Juncker attacks US on Nato spending
European Commission head Jean-Claude Juncker has said the US was wrong to push European members of Nato to spend more on their militaries.
"It has been the American message for many, many years. I am very much against letting ourselves be pushed into this," he said in a speech at the Munich Security Conference on Thursday (16 February), according to the Reuters news agency.
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He added that the US idea of security was “too narrow” and that it should also count EU countries’ spending on development and humanitarian aid as a contribution to overseas “stability”.
"I don't like our American friends narrowing down this concept of security to the military," he said.
"If you look at what Europe is doing in defence, plus development aid, plus humanitarian aid, the comparison with the United States looks rather different. Modern politics cannot just be about raising defence spending," he added.
"Europeans must bundle their defence spending better and spend the money more efficiently," he said.
Juncker spoke after US defence chief James Mattis, in Brussels on Wednesday, warned that if European Nato allies did not spend more then the US might “moderate” its commitment to Nato.
Mattis said on Thursday: “I depart here confident that we have an appreciation of the burden sharing that we must all sustain for deterrence, peace and prosperity.”
He noted that Europe needed to spend more due to the “political reality” in the US after president Donald Trump said he might not defend Nato states that refused to.
Jens Stoltenberg, the Nato secretary general, said on Wednesday that Mattis’ comments did not mean that the US was putting pressure on Europe because all Nato members had agreed, in 2014, to spend at least two percent of their GDPs on defence.
Estonia, Greece, Poland, and the UK are the only ones to have met that target so far.
Stoltenberg added on Thursday that Mattis should not be understood as putting into doubt article five of the Nato treaty on mutual defence.
“Article five is absolute, it’s unconditional and it’s the core of the alliance,” he said.
Mattis will attend the Munich conference this weekend together with US vice-president Mike Pence and secretary of state Rex Tillerson.
They will be closely watched for signs of how the US plans to handle Russia amid Trump’s erratic remarks on the issue and amid leaks on his aides’ clandestine contacts with Russian officials.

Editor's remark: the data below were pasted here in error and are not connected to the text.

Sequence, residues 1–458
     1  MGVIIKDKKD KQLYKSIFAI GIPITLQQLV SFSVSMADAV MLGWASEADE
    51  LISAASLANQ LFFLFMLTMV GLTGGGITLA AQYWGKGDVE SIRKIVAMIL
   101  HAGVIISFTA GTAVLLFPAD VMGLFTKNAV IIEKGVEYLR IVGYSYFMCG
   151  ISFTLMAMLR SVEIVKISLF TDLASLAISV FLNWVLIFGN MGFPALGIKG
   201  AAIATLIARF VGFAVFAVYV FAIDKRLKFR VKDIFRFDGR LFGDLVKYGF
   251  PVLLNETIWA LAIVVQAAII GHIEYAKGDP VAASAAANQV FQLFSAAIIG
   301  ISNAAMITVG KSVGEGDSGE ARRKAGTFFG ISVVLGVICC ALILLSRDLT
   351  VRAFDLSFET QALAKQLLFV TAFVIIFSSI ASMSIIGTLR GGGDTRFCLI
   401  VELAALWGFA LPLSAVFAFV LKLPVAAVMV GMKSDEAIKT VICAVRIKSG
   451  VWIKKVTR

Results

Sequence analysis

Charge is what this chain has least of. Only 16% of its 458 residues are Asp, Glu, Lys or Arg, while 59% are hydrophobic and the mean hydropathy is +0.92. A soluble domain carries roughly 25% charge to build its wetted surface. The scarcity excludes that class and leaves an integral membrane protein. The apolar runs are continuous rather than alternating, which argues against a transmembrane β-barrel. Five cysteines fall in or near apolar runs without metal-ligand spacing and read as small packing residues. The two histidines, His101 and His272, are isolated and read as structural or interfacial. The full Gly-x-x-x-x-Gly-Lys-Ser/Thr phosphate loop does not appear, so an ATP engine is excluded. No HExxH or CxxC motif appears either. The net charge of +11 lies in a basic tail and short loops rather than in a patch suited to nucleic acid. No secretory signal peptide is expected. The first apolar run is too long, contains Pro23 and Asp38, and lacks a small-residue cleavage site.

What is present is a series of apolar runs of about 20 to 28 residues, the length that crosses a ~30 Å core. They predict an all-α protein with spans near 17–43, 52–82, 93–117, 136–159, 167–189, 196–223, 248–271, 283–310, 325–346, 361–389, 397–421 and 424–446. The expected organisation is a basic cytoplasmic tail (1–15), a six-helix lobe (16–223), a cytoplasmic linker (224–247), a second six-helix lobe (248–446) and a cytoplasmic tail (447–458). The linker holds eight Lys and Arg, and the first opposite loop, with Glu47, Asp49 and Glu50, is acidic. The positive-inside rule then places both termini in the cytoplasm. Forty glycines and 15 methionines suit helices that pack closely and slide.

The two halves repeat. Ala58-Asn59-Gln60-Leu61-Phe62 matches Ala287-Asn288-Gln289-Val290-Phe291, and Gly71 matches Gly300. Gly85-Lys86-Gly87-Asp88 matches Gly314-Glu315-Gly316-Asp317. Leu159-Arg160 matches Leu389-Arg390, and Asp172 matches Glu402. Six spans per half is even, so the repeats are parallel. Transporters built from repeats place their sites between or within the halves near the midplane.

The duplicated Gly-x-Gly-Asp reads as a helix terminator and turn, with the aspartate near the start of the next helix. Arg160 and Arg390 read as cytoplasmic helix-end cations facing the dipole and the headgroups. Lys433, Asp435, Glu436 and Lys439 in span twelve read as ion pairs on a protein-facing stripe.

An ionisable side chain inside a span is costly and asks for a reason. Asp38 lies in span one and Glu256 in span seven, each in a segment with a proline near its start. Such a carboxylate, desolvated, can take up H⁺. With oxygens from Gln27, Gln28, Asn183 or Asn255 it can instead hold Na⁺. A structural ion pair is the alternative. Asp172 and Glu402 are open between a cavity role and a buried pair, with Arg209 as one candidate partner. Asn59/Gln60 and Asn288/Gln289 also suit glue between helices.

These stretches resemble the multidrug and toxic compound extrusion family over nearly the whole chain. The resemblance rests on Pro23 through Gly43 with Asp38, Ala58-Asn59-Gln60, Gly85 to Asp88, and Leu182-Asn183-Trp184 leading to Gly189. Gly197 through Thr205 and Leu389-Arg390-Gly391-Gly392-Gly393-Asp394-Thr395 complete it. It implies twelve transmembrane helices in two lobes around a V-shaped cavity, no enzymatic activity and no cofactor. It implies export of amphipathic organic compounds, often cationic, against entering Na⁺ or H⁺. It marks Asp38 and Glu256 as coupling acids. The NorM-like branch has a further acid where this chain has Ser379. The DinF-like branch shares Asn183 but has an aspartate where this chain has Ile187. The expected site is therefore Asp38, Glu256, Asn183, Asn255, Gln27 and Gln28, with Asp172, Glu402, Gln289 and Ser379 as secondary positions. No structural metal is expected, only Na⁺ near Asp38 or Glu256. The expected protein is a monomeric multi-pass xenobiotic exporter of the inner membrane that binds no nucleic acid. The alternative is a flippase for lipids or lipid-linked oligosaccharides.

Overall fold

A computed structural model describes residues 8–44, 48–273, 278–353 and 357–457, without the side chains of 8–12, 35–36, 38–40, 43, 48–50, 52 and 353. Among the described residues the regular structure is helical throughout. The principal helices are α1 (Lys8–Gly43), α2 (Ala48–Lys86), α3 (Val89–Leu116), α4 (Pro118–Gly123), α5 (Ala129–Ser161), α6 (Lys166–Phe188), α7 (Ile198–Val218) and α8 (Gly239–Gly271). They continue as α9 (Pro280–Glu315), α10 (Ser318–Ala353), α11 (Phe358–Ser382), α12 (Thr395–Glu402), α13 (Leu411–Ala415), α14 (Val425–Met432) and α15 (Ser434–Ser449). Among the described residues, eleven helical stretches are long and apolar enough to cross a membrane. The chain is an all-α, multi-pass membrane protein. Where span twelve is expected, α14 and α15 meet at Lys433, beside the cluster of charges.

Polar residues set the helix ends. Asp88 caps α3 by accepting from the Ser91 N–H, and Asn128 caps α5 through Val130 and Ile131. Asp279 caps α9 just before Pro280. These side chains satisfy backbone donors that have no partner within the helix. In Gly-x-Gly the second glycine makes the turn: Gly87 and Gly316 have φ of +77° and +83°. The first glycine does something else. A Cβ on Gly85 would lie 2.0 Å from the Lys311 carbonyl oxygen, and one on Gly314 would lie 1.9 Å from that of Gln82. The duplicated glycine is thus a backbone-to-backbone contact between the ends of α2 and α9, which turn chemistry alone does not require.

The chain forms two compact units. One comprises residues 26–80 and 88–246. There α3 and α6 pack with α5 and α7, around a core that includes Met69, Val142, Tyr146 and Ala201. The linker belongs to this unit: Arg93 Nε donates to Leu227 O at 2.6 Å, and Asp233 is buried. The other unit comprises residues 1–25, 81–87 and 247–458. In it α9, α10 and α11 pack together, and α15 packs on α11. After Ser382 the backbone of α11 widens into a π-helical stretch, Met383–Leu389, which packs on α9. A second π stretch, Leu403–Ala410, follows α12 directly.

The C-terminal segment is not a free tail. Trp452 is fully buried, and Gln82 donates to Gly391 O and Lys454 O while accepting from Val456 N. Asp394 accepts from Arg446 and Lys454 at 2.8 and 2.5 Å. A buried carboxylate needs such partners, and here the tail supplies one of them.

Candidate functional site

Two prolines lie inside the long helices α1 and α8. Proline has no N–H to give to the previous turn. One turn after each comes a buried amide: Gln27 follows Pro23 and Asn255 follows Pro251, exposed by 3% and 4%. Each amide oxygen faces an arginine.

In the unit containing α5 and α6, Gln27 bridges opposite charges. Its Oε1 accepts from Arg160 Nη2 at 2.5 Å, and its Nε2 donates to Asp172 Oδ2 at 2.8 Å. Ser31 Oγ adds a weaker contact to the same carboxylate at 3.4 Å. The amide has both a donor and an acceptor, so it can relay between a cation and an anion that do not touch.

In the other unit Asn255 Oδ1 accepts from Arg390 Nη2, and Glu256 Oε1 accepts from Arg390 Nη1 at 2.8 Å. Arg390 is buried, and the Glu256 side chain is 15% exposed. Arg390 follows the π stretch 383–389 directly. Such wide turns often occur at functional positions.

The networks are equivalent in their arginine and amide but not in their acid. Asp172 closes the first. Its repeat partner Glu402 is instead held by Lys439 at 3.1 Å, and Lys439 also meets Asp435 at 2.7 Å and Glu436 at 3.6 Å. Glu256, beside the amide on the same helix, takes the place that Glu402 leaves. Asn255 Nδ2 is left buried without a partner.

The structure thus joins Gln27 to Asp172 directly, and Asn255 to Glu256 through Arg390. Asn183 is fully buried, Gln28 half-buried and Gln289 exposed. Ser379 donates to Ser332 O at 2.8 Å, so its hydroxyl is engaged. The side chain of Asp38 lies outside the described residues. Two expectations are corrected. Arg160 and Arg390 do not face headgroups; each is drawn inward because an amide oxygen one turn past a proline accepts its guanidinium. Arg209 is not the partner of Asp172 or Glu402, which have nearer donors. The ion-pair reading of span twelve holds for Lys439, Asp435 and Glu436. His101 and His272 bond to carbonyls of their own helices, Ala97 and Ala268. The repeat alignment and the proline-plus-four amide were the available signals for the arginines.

Position of strength
Mattis said on Wednesday that he was prepared to enter into dialogue with Russia, but that this should be done from a “position of strength.”
He said on Thursday that the US and Russia were “not in a position right now to collaborate on a military level.”
He was echoed by Stoltenberg, who said dialogue with Russia must be accompanied by “credible deterrence”, just as it was in Soviet times.
Tillerson, who spoke to Russian foreign minister Sergei Lavrov on Thursday at a meeting of the G20 leading nations in Berlin, also indicated a wary approach.
“The United States will consider working with Russia when we can find areas of practical cooperation that will benefit the American people,” he said.
“Where we do not see eye to eye, the United States will stand up for the interests and values of America and her allies,” he said, adding that he expected Russia to “de-escalate” its aggression in Ukraine in line with a ceasefire deal.
Nato accused of ‘provocation’
Russian leader Vladimir Putin hit back at Mattis.
He said on Thursday in a speech to his FSB intelligence service that “they [Nato] have been constantly provoking us in order to embroil us in confrontation.”
Russia defence chief Sergei Shoigu also said it would be “fruitless” to try to hold talks from a position of strength, while Russia’s Nato envoy, Alexander Grushko, said Russian interest in Nato dialogue “might vanish in the long run”.
Lavrov was more optimistic, saying that Trump had told Putin on the phone that he was ready “to overcome this period” of poor Russia-US relations and that the two leaders would meet "in the next few months."